FORGOTTEN LOVE. Netflix’s decent remake of a timeless classic
Revisiting classics like The Quack (originally Polish Znachor means a folk healer) has always been associated with quite a stir and commotion. Contrary to appearances, this is not a rule that applies only to any domestic field. In almost every corner of the cinematic world, revisiting a sacred work – and the 1981 film fits this description (at least in Poland) – usually results in a simultaneous ringing of alarm bells, outrage, curiosity, and the stirring of fans’ emotions. However, apart from the heated debate surrounding The Green Border I haven’t seen the internet so profoundly moved and agitated as when the first photos from Netflix’s new Znachor (Forgotten Love for English speaking readers) appeared online. This illustrates the extent of nostalgia and sentiment that are connected with Jerzy Hoffman’s film. It’s an incredibly interesting phenomenon, especially on a pop culture level, which lives very intensely not only in the consciousness of the generation from the communist times but also, surprisingly, in the awareness of my peers and younger internet users. Memes with Jason Statham or Piotr Fronczewski saying, “Ladies and gentlemen, Your Honor, this is Professor Rafał Wilczur,” still guarantee high engagement around November 1st and Easter. These dates – much like Home Alone during Christmas – have become symbolic days for watching Znachor (The Quack) in Polish households.
This shows the scale of the challenge that the creators faced. After Netflix’s adaptation of Mr. Car and the Knights Templar which is simply a bad movie on many levels, I had significant concerns about Forgotten Love. Especially since, similar to the adaptation of Nienacki’s prose, this version was announced as being far from the Dolega-Mostowicz book and Hoffmann’s film. Therefore, I can say with calmness (but also apprehension) that Netflix truly managed not to ruin this story. In fact, despite some significant plot changes, it holds together, maintains the atmosphere known from the original, and has an emotional core. There are plenty of differences in the details, some better and some worse. Especially in the finale, there are a few plot problems. Nevertheless, the overall experience provides a considerable amount of emotion and stands up as a reinterpretation of the story itself. Did it surpass the 1980s version? Not entirely. However, there’s nothing to be ashamed of.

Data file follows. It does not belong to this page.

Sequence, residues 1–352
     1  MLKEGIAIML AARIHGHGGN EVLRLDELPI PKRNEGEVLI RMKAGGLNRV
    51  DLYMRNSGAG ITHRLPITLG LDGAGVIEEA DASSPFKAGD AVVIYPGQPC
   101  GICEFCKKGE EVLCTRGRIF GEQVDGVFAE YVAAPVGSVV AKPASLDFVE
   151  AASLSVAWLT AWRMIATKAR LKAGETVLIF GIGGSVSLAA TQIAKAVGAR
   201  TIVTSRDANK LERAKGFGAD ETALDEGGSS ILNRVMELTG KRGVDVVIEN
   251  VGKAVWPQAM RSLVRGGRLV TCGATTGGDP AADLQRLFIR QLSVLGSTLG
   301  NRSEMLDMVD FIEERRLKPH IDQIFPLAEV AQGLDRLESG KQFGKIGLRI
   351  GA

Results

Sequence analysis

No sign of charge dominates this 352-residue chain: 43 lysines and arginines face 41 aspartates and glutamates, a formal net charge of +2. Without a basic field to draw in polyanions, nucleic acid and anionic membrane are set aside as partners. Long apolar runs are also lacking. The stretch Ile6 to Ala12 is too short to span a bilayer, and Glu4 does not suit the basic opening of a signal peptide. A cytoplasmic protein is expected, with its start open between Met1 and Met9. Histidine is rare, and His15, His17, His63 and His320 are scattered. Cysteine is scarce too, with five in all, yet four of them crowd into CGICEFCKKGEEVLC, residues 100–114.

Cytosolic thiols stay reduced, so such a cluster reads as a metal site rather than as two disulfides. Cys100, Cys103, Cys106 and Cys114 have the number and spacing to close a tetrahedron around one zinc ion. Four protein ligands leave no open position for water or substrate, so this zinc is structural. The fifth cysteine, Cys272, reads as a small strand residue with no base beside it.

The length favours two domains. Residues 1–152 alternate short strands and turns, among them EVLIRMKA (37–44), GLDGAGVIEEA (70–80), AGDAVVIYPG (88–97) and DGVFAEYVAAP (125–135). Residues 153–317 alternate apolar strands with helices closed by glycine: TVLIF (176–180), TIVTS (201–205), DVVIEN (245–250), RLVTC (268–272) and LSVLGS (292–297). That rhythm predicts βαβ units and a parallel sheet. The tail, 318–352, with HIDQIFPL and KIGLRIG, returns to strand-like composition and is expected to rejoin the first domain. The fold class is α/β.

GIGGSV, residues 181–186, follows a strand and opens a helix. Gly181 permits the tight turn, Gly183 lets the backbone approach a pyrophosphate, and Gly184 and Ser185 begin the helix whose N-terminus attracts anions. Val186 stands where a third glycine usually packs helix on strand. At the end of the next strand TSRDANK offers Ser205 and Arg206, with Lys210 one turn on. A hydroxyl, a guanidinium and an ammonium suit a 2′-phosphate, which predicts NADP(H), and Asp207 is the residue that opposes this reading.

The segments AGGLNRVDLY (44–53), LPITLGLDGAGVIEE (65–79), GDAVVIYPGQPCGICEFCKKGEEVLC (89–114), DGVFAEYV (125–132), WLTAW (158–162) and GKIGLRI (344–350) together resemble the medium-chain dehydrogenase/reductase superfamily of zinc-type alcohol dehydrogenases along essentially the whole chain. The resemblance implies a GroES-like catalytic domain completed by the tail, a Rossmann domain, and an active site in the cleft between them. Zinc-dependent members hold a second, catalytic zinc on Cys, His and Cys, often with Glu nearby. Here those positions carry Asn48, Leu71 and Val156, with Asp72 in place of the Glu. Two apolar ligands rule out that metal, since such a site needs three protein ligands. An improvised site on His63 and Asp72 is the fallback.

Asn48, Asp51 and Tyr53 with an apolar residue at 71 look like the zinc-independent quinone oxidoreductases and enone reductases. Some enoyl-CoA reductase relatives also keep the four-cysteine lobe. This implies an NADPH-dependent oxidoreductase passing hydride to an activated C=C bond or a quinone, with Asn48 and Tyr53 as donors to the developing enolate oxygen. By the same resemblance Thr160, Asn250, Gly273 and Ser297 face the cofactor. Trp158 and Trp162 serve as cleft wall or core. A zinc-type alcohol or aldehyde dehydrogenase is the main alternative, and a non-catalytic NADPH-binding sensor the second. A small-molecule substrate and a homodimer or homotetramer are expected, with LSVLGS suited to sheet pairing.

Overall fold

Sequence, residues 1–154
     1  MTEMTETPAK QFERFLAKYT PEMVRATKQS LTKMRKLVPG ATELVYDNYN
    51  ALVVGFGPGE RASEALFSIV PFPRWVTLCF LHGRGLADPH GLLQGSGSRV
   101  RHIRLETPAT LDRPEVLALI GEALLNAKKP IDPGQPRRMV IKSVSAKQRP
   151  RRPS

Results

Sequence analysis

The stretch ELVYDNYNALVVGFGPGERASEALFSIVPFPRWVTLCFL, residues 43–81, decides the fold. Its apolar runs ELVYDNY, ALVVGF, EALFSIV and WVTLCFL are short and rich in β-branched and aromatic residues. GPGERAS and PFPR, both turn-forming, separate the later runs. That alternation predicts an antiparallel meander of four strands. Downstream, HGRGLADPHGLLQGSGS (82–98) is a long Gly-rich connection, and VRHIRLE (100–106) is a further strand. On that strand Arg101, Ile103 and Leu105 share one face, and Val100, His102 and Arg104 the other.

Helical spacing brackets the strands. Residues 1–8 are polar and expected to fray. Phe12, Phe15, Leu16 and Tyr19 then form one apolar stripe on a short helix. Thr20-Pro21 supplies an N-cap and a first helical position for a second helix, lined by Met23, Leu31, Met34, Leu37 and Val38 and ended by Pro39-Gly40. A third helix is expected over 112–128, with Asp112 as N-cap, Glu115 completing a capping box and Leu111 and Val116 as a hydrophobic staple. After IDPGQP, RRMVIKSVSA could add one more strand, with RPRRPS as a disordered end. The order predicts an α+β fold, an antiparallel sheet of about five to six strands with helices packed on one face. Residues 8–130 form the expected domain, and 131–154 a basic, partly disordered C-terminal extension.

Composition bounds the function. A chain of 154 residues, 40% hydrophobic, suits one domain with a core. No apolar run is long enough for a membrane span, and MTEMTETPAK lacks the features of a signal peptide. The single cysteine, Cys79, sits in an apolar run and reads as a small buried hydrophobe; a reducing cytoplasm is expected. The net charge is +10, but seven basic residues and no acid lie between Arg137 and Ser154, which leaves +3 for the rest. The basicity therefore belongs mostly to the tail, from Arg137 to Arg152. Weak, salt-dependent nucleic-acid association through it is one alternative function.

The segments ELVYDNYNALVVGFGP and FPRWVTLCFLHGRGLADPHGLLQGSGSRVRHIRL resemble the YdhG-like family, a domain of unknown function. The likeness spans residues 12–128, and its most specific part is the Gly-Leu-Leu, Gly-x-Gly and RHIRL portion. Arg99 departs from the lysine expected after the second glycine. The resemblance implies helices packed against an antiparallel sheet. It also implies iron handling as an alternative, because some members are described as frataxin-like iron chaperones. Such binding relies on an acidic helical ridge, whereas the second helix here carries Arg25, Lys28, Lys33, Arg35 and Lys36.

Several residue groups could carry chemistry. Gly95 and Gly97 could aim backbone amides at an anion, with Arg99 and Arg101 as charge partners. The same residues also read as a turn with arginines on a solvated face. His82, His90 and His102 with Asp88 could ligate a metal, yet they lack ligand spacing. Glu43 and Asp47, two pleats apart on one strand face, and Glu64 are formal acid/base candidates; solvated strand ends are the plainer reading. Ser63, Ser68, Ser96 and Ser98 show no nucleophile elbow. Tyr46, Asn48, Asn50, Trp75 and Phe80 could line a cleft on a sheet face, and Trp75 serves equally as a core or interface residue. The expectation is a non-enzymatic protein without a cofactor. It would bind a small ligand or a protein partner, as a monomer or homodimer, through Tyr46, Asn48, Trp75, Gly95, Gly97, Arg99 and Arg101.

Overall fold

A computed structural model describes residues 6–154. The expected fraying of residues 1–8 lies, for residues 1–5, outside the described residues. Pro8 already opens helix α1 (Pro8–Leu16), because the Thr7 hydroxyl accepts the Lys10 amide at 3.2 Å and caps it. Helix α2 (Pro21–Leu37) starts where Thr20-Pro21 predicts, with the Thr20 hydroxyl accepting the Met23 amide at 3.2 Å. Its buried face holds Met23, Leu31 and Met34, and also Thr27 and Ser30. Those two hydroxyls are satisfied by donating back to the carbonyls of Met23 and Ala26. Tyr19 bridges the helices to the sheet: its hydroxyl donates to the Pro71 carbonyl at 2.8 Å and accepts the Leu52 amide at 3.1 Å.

Michal Gazda’s film isn’t perfect – there are a few plot changes that didn’t work in its favor, and casting-wise, despite an overall good level, it’s sometimes hit or miss. Are these departures from the source material forced upon the previous version and the book? I can reassure you, they are not. The film respects the original atmosphere, and the changes are more evidence that they tried to approach the well-known story creatively and innovatively on the script level. What are these changes? Here and there, the chronology was altered, some events have a different source, as do the roles of individual characters. There are also new characters, and some are missing. It’s hard not to compare Netflix’s Forgotten Love to Hoffmann’s film, and especially at this level, it’s challenging for some characters to measure up to the masters. However, I will defend this production on one crucial front – it attempts to give this story a new quality. It’s not a lazy, replicative copy, especially in terms of reinterpretation and character development. It may be controversial, but I believe many of these characters gained something in this version, while others lost. Balance in nature is preserved. One cannot deny the courage of the creators because some solutions will immediately meet with the outrage of fans, while others will be appreciated even by the most discerning purists and classic enthusiasts.
What’s most surprising, however, is that despite several changes in the way the story unfolds, in the overall calculation, in Forgotten Love they managed to maintain this story and replicate the emotions felt in Hoffmann’s version. It is still an almost classic melodrama that, in terms of discovering the mystery, could no longer surprise us, so the emphasis was placed on other elements. Thus, tonal accents and the chronology of events were changed. Someone else is morally responsible for Wilczur’s tragedy here. Thanks to this, the latest adaptation of Tadeusz Dolega-Mostowicz’s prose, in addition to what we already know, provides entirely new emotions. It also has a substantial dose of humor in the finale, but I’m not sure if it fits into the whole because the final part is the weakest element of the whole and comes across as somewhat contrived and clichéd.